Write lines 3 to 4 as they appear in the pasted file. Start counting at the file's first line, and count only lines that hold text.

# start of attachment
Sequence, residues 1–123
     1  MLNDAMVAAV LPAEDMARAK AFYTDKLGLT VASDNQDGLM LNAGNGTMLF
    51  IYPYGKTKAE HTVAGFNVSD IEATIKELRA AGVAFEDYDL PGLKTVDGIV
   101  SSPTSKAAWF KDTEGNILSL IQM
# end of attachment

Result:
    51  IYPYGKTKAE HTVAGFNVSD IEATIKELRA AGVAFEDYDL PGLKTVDGIV
   101  SSPTSKAAWF KDTEGNILSL IQM